The week of April 11-17th marked the 5th year of National Black Maternal Health Week, which is dedicated to raising awareness of the crisis in the US around the significant and alarming disparities in pre- and post-natal outcomes for Black women and their infants. It was founded and led by the Black Mammas Matter Alliance, and was officially recognized by the White House in 2021. As a leader in Mecklenburg County in improving maternal and child health, Care Ring participated in several activities designed to amplify the week's messages and advance solutions.
Executive Director Tchernavia Montgomery spoke as a subject matter expert in a panel discussion hosted by Congresswoman Alma S. Adams, PhD. In addition to talking about how Care Ring's Nurse-Family Partnership and A Guided Journey programs are making a difference for Black mothers and their children, she also shared her own personal story of
being a first-time mother at the young age of 14. Pointing to one of the more disturbing statistics for our area, she said, “Why is it that my child in my beloved county is five times more likely to die in his first year of life as compared with other races?”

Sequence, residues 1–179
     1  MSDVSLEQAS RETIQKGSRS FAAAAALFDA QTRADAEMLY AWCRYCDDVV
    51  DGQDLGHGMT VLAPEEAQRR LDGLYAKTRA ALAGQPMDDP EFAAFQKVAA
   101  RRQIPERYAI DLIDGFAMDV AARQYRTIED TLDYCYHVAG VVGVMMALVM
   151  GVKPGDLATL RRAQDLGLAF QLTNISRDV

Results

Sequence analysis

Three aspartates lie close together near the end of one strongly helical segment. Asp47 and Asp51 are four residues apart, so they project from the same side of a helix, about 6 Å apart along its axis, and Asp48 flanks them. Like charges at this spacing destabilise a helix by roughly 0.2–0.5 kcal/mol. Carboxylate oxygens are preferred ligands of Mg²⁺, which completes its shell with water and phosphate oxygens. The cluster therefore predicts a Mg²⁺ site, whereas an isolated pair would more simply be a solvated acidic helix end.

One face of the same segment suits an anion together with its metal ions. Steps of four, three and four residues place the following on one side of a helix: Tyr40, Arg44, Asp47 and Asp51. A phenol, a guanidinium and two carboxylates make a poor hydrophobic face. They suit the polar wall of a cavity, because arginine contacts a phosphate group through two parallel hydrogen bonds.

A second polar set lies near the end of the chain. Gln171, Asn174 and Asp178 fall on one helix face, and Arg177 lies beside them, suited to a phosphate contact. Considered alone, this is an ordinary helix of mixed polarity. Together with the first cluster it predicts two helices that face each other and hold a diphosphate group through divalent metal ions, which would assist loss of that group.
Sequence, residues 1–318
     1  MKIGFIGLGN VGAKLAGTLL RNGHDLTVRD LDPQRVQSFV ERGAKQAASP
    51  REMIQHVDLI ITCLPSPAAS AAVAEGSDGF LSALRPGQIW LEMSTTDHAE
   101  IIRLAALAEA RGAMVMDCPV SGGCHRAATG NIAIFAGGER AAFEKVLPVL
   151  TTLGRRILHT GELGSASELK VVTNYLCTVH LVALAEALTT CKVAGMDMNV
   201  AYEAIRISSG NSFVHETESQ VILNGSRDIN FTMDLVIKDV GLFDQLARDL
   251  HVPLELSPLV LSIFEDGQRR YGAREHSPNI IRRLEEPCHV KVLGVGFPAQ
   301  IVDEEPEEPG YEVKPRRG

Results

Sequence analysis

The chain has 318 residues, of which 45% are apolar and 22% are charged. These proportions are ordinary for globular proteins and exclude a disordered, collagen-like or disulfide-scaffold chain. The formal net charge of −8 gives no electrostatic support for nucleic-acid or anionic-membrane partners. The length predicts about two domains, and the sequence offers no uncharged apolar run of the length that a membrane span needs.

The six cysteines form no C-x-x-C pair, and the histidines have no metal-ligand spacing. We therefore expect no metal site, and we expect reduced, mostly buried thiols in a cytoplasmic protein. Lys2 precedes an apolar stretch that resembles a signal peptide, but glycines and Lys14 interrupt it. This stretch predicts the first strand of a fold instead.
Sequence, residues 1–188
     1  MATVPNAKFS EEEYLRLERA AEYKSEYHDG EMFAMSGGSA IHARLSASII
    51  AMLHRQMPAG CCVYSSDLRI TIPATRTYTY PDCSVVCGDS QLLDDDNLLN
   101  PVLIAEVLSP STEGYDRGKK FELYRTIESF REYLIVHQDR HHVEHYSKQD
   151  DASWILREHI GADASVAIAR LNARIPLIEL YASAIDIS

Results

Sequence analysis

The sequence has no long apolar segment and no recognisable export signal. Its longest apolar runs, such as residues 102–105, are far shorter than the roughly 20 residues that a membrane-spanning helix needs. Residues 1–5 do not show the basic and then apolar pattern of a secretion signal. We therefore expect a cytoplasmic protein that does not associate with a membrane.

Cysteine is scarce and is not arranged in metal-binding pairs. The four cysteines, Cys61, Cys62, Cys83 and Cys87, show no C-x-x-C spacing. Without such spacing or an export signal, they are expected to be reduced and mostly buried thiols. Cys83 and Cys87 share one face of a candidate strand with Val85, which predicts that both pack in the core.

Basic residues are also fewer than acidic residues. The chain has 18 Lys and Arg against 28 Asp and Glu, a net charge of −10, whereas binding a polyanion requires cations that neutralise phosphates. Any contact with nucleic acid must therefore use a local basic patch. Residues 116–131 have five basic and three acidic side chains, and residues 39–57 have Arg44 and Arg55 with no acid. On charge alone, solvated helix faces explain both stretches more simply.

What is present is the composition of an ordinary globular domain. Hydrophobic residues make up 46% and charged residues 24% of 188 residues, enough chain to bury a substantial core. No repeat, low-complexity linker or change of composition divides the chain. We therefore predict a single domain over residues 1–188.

Several news outlets did stories about the panel and Black Maternal Health Week. WCNC reporter Chloe Leshner interviewed Tchernavia. We are also appreciative of these outlets for their coverage of the week's crucial messages: Cardinal & Pine, WRAL, and NC Policy Watch.
Care Ring also conducted a social media campaign to bring attention to the crisis, sharing important facts about Black maternal child health outcomes across Facebook, Twitter, Instagram and LinkedIn.
We also brought awareness to how our Nurse-Family Partnership program is achieving better outcomes for mothers and children in our program. In addition to closely monitoring the health of mom and baby over the 2+ years of service to a family, our NFP Nurses teach and empower mothers to advocate for their health and for the health and well-being of their children. Not being listened to by healthcare professionals is listed as one of the key factors in poorer outcomes for Black mothers, so having the knowledge and advocacy training by our nurses is extremely critical, in addition to the extra support and connection to important resources we provide.
To cap off the week's activities, our new Director of Maternal Child Health, Sherresa Falls, participated in an awareness walk at Freedom Park hosted by the Mecklenburg County Public Health's Improving Community Outcomes For Maternal and Child Health initiative. The goals of the walk were to:
- support optimal health of black mamas;
- recognize those who have had challenging maternal experiences;
- and remember black mamas and babies who have lost their lives prenatal or postpartum.